Have the beautiful and comfortable traditions of Christmas become commonplace and predictable to the point of boredom? Why do the things you love so much not bring the joy experienced in yesteryear? Perhaps you need more surprise in your Christmas.
Lee Ann Renninger writes in “Surprise” how a preteen’s parents hoped to bless their children with a new home. The kids were involved in the dreaming and planning of what the house they would build together should look like. The walls of the house started coming up and the family visited the worksite to inspect the progress nearly everyday. It was so exciting to the preteen—for two weeks. She became bored, incredible bored. Her boredom reached the boiling point when she took a screwdriver in hand and wrote in the insulation of a wall BORING!!! As in: This is boring. Y’all are boring. This house is boring. The next day at school she felt so guilty. Her parents were trying to bless her and her response had been to throw it in their face. She ran to the house after school to somehow erase last night’s vandalism. To her surprise she found her word surrounded with four more made with a sharpie. “Only BORING!!! Kids Get Bored!” “What?! How dare someone say this! This place is boring, not me! Or am I?” With fresh eyes, searching for anything unusual and unexpected in the place she thought she knew better than the alphabet, she began to look for the unexpected and unknown. She learned to surprise herself in scores of little ways that made her trips to the new house an adventure of learning and joy. Her surprise led to gratitude and her gratitude led to more joy and more joy and more.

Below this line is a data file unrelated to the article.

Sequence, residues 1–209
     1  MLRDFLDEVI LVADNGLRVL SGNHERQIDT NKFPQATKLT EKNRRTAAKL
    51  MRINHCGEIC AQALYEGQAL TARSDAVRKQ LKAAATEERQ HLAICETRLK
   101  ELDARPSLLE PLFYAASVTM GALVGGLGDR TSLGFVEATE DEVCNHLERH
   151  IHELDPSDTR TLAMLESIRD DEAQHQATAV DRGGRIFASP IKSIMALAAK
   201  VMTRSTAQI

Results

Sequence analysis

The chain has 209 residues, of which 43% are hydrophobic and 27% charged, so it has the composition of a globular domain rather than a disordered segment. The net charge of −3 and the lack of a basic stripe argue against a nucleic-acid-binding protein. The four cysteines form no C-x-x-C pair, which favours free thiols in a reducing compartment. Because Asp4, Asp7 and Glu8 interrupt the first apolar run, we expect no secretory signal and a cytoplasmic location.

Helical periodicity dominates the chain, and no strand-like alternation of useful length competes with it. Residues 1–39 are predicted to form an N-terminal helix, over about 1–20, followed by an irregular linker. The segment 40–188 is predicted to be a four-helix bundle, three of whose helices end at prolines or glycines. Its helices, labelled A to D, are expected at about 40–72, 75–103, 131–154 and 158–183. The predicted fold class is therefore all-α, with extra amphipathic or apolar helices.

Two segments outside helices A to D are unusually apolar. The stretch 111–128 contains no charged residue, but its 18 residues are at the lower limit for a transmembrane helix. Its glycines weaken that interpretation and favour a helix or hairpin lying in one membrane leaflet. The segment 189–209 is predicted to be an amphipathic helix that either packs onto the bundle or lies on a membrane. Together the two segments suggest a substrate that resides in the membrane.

You can wait for surprise to find you or you can seek to find your own surprise this Christmas. One of the best predictors of life satisfaction is how much gratitude we feel on a regular basis. More gratitude equals more joy. Are you, like the preteen, looking for the unexpected and unusual in the comfortable traditions ßof the Christmas you love? Surprise yourself!
When we get what we expect (even if it’s wonderful), we feel nothing. No surprise equals no gratitude. Actively practicing gratitude is the only way to flip on the switch voluntarily instead of sitting around and waiting for gratitude-inspiring surprise to happen.
This young girl practiced the same habit as that of the prophet Simeon. The year Jesus was born he went a familiar route including worship in the temple. He entered looking for the unexpected and was not disappointed. The Hebrew people had waited for God to send a deliverer for centuries. They never gave up hope. They kept looking during times of prosperity and nights of despair. Simeon followed the promptings of the Holy Spirit. He went to the temple and found surprise in the middle of familiar surroundings and common traditions. He responded with gratitude. The gospel writer Luke records his now familiar words. “Simeon took him in his arms and praised God, saying: “Sovereign Lord, as you have promised, you now dismiss your servant in peace. For my eyes have seen your salvation, which you have prepared in the sight of all people, a light for revelation to the Gentiles and for glory to your people Israel.”
Every night before going to bed think about the significance and the relative magnitude of all the wonderful things in your life. Name at least three pleasant surprises you experienced that day.
Amazingly, the more we practice gratitude, the more life surprises us with reasons to be grateful.
There are so many wonderful traditions to enjoy and love at Christmas time. Why wait for surprise to find you. Surprise yourself by looking for the unexpected. When you find it remember to be grateful. It leads to satisfaction and joy; for the world and you.